From the Gaelic Ihbhir Air meaning Mouth of the River Ayr. Nowadays it is simply known as Ayr. The 12th most populous settlement in Scotland with a rich history to show for itself.
It became a major marketplace and harbour during the medieval period after King William the Lion ordered a castle to be built between the two rivers (Ayr and Doon) located around Montgomerie Terrace that later grew into the footprint it has now. The first bridge across the river Ayr was built in 1237 and made of timber.
On the Southern Bank of the river and near the beach is the ramparts of a Citadel constructed by the forces of Oliver Cromwell during the mid 17th Century.
With the explosion in railways in the 1840s Ayr became a major tourist destination especially with Glaswegians from the North coming down for a day at the beach. They were not the first visitors, nor were they the most violent. Norwiegan forces attacked in 1263 and English soldiers occupied the town for 16 years during the Scottish Wars of Independence. In 1298 forces under the command of Robert the Bruce destroyed the castle of King William and 1315 he held a Parliament of Scotland at St. John’s Tower by the sea (located in Cromwell’s Citadel).
But this place is not new to us, certainly not to Karen who is from Ayr, so why are we blogging about it? To paraphrase Humphrey Bogart in Casablanca –
Of all the beaches in all the towns in all the world…you had to blog about mine.
Home deserved a post!
The Lang Scots Mile Walk
A Scottish Mile was longer than an English Mile. That’s according to Robert Burns in his famous poem ‘Tam o’ Shanter’
…While we sit bousing at the nappy,
An’ getting fou and unco happy,
We think na on the lang Scots mile…”
After the Acts of Union in 1701 the English enforced the standard measures of units and distances on the Scottish and the ‘miles’ were aligned. There were about 100 yards difference between the two.
In 2002, South Ayrshire Council decided to add another strand to the deep relationship between Burns, his work, and the local area by creating a “measured Scots Mile” walk along the Ayr Promenade. When we visit Ayr over the years this has always been a great outdoor activity. Karen normally runs it as she is training for a race of some sorts. On our last trip we decided to do the walk again with an open mind and equally open camera lens.
First of all, we must comment on the views. These are spectacular on a clear day. You can see over the Firth of Clyde to the island of Arran, The Mull of Kintyre and the twin islands: The Cumbraes.
As you make your way south from Cromwell’s Citadel the beach gives way to a grassy embankment teeming with wildlife and plant life that abruptly ends at the mouth of the Doon River. If you are lucky you will be able to catch a glimpse of ducks and even swans out for a mid-morning swim.
Crossing the little bridge you can continue the walk all the way up to Greenan Castle. Built in the 16th Century this tower house was held by John Kennedy of Baltersan in the 1600s. An famous event transpired here and nearby in 1602. After spending the night visiting his brother,Sir Thomas Kennedy of Culzean and his servant Lancelot Kennedy were ambushed and murdered in nearby Maybole. This event and the subsequent trial of the guilty parties inspired Sir Walter Scott to pen the play “An Ayrshire Tragedy”.
Dumfries with that?
We drove south in the rain (sounds like the start of all our Scottish Blogs! ), our direction was Cumnock, but our destination was elsewhere.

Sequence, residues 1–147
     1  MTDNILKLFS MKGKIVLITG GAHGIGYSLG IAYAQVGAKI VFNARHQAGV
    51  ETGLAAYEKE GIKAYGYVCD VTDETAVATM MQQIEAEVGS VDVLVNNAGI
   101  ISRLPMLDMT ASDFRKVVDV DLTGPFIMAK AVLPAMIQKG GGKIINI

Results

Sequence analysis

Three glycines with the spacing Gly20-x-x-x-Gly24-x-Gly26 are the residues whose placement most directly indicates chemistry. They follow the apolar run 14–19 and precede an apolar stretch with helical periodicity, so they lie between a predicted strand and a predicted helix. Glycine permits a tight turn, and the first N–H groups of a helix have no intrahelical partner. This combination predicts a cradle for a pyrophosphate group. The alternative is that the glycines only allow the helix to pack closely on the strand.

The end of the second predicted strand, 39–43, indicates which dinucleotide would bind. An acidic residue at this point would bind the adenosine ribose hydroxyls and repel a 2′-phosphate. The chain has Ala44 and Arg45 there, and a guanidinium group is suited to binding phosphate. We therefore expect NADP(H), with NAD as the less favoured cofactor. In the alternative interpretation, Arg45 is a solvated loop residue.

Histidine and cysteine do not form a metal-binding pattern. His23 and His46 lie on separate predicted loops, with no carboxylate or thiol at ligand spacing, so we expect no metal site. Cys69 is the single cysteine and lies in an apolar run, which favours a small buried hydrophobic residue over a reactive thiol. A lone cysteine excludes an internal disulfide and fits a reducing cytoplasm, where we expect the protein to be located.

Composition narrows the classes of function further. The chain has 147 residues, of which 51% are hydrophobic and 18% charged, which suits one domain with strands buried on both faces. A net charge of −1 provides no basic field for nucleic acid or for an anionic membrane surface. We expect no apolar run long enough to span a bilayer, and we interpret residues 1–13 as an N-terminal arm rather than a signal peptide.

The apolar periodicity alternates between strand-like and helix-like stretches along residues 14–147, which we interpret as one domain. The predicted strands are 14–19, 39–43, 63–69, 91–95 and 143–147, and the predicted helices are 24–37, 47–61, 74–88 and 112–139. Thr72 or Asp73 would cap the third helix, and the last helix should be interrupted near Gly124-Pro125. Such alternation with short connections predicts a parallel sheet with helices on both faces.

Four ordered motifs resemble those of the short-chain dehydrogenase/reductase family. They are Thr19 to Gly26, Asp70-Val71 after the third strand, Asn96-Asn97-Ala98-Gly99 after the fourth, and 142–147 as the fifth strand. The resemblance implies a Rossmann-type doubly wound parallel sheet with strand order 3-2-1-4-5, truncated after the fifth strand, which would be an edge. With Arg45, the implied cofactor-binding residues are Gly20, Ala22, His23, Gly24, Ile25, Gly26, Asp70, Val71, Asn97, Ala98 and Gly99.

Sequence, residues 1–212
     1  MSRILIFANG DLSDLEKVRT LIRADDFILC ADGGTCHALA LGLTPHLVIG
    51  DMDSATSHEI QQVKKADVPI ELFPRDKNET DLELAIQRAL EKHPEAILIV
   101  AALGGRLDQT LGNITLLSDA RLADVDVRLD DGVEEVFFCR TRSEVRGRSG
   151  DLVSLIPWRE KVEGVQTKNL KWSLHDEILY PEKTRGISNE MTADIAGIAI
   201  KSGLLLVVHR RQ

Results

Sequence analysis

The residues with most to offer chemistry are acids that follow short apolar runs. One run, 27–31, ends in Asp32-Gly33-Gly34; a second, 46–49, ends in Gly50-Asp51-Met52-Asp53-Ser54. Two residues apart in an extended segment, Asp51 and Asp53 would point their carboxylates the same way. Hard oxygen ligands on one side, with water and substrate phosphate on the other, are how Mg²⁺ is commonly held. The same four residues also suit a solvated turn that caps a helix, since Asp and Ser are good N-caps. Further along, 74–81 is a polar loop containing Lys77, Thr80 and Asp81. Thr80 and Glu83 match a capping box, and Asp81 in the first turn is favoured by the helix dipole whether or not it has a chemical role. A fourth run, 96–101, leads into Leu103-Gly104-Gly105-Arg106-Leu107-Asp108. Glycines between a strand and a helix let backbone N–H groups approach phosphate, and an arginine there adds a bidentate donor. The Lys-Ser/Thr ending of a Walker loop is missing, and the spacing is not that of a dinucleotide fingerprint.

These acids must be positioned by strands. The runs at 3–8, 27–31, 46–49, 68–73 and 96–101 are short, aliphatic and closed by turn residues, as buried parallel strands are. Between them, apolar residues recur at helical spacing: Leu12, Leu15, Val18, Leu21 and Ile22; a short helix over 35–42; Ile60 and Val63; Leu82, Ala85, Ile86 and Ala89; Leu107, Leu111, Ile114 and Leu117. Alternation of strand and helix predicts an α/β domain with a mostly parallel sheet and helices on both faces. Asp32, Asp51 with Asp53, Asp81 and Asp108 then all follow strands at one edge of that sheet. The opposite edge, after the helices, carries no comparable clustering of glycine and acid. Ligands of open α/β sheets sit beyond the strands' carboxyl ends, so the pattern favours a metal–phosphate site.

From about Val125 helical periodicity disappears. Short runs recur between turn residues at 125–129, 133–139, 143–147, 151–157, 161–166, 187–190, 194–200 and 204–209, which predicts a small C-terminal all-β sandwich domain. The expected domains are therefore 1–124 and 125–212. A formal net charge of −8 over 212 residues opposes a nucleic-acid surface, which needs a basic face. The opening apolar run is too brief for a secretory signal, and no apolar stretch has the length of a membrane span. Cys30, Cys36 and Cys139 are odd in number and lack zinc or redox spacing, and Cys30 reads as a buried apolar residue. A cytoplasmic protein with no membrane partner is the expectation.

Located in a large walled estate 2 miles west of Cumnock is Dumfries House. It’s a large country house now owned by a charitable trust (headed by Prince Charles) and is built in the Palladian Style (Symmetry and perspective similar to classical temple architecture of the Romans and Greeks).
It was built in the 1750s for the 5th Earl of Dumfries (William Dalrymple) by the brothers Adam (John and Robert). Their other works include Royal Exchange in Edinburgh and the Adelphi District in Westminster, London.
As the only newbie in the group to visit the House my first impression was that “this is fecking massive”.And it was. Set in 2,000 acres of land surrounding a large mansion house it was the equivalent of 1800 football pitches. Most of those pitches would comprise the Woodland Walk and it was here we began our journey.
We crossed over the recently refurbished Avenue Bridge before being forced to take shelter from the downpour under the pagoda roof of the impressive Chinese Bridge. An alternative crossing for the Lugar Water, the bridge’s design was taken by an original drawing by Scottish architect Robert Weir Schultz in 1899 before taking almost 120 years to be realised with it’s construction in 2016.
The zone we were in was the Arboretum, a vast expanse of woodland trees and scrub. In the centre was an impressive wooden ‘tower’ that was created by students of the Prince’s Foundation. Walking through it on that misty morning reminded me of all those travel tiles in Baldur’s Gate (minus the Kobold’s of course).
The woodland ended abruptly at an old brick wall with a single double gate. This was the recently refurbished Queen Elizabeth Walled Garden, a flagship projection of the Estate’s restoration. Within the five-acre area was crammed every colour and shape of flower and tree interrupted by walkways, statues and fountains.
As we delved deeper into the garden we came across another section. This was the Education Garden with vegetable and fruit patches overseen by an army of silent guardian flowerpot men. On the back wall was a large ‘Wicker Man’ bust.
We finished up our trip with some lunch at the Coach House Café. Sitting adjacent to the Visitor Centre this café has been transformed from the stables it once was, with horse stalls being re-case as intimate alcoves for our dining experience.
On the way back to the car we stopped by the ‘Harmony’ outdoor play park and like the big kids we are, had a go at the various engineering exhibits.